Yes, EI is Exposure Index. It's a description of how much you exposed the film (bigger numbers are less exposure), so it is a function of the meter reading, the aperture and the shutter speed.

Simplest way to achieve a specific EI is to set your meter's ISO setting to that EI, take a light reading and put those settings (aperture and shutter) onto the camera.

ISO is a definition of how much exposure a film should get for normal exposure and development, EI is how much exposure you actually give it. Most people find that Fomapan is quite optimistic in its ISO rating, i.e. they get less shadow detail than they want, so they expose it at EI50 instead of EI100. 50 is twice as much exposure, i.e. one stop more, which gives more shadow detail and a denser negative.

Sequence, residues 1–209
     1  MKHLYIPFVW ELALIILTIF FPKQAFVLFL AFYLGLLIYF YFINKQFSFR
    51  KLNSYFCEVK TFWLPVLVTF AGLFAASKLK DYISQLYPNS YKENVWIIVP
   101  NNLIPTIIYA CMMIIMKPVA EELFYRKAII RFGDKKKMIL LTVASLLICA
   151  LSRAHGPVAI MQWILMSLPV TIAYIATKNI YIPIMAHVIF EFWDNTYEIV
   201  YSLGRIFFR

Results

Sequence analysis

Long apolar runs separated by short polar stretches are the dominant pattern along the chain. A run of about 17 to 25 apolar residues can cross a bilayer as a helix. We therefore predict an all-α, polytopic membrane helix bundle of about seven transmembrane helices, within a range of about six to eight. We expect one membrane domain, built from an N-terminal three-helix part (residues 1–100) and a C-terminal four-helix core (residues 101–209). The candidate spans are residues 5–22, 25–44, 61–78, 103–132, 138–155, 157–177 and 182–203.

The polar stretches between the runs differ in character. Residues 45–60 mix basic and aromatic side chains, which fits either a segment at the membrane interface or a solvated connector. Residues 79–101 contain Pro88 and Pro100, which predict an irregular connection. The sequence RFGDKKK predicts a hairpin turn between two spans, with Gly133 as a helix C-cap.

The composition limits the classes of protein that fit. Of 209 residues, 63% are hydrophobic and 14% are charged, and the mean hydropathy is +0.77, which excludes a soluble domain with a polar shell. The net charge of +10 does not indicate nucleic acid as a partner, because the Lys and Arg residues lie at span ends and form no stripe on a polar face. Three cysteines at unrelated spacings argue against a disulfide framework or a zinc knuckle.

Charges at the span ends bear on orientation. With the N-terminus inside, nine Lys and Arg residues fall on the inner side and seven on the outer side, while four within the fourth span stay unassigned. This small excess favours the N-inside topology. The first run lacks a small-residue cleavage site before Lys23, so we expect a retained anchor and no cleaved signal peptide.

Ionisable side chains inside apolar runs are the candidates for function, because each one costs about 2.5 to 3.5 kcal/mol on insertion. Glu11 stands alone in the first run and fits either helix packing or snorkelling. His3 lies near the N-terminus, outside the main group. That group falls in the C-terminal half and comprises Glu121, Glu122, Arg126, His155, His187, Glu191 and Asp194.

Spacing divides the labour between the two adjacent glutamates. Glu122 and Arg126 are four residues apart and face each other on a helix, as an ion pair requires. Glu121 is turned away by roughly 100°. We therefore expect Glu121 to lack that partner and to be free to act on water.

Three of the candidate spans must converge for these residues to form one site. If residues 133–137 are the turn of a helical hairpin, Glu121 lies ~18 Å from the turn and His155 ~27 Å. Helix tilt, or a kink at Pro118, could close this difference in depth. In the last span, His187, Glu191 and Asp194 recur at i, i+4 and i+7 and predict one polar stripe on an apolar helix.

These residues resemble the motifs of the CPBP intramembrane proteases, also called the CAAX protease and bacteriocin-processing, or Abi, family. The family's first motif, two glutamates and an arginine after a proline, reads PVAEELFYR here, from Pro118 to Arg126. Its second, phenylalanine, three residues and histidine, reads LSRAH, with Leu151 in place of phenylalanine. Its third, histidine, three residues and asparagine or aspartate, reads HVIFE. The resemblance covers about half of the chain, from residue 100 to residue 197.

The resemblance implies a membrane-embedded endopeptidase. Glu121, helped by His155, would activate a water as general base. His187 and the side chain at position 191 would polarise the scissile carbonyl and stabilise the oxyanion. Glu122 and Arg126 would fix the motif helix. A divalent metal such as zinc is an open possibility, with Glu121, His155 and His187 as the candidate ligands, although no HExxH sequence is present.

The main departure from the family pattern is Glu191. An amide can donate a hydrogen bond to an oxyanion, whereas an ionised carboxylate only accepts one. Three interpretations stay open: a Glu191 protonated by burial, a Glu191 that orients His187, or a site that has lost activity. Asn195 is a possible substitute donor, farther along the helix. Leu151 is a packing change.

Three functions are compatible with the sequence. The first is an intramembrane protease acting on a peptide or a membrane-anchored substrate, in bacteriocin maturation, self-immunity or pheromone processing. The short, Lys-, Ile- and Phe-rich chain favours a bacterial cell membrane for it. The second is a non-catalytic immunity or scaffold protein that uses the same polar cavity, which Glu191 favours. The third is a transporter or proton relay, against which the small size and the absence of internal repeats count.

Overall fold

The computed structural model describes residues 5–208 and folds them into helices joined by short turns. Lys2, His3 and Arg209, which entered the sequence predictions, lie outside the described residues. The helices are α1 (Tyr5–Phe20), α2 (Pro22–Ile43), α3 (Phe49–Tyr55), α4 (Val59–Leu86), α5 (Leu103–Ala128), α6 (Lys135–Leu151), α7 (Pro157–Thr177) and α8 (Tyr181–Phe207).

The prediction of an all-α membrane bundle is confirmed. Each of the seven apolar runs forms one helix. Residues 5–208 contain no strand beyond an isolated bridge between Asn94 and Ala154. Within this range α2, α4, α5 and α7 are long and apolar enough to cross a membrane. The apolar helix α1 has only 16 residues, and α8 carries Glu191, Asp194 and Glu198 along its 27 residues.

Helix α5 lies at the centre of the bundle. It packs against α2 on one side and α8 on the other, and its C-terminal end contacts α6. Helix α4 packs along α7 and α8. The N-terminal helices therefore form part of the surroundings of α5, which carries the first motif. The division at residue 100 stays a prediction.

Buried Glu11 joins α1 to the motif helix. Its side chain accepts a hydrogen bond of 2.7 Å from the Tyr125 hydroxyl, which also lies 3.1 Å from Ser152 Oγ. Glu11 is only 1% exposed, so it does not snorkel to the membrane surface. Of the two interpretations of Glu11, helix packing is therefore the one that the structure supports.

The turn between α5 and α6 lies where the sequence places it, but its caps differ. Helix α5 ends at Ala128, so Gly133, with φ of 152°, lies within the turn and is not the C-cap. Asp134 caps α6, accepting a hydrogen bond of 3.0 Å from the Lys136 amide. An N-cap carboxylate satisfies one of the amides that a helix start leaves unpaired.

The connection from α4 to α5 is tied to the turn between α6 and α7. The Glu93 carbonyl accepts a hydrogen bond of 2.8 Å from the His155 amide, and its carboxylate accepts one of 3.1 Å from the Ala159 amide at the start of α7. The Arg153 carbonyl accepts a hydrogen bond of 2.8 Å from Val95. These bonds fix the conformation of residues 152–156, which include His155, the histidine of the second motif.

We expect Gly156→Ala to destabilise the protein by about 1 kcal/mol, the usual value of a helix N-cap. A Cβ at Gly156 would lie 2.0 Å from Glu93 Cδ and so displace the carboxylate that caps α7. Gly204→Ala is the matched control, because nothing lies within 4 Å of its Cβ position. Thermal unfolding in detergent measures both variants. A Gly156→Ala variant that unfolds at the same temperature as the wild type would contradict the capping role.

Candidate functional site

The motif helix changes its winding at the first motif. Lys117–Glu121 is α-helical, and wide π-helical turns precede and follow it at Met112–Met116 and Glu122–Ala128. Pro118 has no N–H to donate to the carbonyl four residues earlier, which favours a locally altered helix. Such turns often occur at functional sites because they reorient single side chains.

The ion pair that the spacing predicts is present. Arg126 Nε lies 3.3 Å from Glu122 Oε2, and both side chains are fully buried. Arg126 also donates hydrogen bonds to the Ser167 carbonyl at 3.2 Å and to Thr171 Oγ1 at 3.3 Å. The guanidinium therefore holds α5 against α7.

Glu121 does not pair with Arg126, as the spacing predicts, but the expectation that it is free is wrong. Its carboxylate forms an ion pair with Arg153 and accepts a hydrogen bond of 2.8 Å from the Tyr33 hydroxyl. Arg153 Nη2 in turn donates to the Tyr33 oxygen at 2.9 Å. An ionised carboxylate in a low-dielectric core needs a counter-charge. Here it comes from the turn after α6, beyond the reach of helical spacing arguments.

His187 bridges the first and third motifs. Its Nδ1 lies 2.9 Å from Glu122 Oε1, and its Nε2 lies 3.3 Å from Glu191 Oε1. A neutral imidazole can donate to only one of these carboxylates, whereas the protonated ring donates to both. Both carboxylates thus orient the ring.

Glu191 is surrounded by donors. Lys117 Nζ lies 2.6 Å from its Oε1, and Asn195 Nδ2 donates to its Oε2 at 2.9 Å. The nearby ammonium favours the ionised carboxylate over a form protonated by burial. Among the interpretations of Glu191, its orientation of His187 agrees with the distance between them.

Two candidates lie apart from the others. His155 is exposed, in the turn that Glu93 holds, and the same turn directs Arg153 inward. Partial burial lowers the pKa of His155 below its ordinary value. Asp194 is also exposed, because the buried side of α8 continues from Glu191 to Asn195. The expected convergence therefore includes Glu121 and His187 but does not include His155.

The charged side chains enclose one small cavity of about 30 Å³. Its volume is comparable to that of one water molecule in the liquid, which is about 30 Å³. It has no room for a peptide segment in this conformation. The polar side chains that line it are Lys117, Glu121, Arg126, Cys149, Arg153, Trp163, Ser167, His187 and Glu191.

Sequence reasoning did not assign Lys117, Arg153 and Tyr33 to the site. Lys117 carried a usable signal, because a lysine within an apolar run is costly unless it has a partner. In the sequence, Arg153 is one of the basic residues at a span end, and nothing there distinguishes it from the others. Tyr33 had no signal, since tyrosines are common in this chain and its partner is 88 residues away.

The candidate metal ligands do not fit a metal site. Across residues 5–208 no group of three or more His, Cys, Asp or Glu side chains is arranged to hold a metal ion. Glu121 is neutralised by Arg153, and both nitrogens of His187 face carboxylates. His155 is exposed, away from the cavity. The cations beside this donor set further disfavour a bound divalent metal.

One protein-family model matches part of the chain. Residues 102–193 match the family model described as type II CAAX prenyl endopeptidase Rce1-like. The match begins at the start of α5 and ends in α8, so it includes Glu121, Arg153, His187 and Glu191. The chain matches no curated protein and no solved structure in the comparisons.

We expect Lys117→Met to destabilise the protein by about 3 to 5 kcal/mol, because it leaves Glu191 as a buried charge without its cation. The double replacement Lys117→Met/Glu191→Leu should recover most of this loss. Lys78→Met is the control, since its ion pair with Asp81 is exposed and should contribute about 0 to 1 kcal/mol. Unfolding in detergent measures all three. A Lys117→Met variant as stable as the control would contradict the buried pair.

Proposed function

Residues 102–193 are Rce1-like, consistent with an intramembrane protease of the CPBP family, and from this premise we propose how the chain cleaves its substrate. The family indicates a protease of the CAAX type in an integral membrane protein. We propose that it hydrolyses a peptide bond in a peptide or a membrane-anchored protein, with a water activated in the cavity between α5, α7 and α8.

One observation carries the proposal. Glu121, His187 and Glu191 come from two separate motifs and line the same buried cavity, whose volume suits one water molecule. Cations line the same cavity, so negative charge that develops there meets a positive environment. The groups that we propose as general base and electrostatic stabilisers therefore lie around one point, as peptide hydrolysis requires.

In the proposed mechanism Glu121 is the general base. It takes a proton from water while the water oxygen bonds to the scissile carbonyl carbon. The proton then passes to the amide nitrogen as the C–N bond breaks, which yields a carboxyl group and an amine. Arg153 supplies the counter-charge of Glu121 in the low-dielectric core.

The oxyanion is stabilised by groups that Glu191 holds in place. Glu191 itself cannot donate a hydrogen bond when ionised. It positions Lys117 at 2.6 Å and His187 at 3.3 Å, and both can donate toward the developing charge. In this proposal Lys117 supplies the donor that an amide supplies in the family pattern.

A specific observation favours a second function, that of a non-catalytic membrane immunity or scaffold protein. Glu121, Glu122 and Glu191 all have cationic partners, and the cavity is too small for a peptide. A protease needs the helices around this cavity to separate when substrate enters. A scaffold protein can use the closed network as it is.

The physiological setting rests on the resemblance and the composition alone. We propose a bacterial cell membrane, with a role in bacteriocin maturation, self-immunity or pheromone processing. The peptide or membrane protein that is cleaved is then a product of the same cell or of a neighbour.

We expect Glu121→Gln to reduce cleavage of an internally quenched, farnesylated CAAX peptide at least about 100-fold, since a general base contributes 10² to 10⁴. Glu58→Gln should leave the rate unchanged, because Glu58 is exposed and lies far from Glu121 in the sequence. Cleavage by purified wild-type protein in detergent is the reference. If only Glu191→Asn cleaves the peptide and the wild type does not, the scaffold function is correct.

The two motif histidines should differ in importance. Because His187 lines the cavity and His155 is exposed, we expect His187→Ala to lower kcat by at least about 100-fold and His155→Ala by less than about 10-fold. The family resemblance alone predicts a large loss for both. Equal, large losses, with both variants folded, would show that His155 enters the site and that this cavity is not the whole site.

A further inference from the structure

Usually when adjusting EI, one would also adjust development. You don't just randomly pick an EI, you typically decide on how much contrast you need for a particular scene, which defines how much development you're going to give that sheet, which defines the appropriate EI. Have a read about Zone System and Beyond The Zone System (BTZS).